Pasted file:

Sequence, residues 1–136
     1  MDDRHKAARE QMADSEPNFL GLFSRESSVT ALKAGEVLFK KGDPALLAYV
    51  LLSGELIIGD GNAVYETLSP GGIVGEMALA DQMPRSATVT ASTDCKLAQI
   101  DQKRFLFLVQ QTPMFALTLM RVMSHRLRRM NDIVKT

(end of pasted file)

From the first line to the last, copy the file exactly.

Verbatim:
Sequence, residues 1–136
     1  MDDRHKAARE QMADSEPNFL GLFSRESSVT ALKAGEVLFK KGDPALLAYV
    51  LLSGELIIGD GNAVYETLSP GGIVGEMALA DQMPRSATVT ASTDCKLAQI
   101  DQKRFLFLVQ QTPMFALTLM RVMSHRLRRM NDIVKT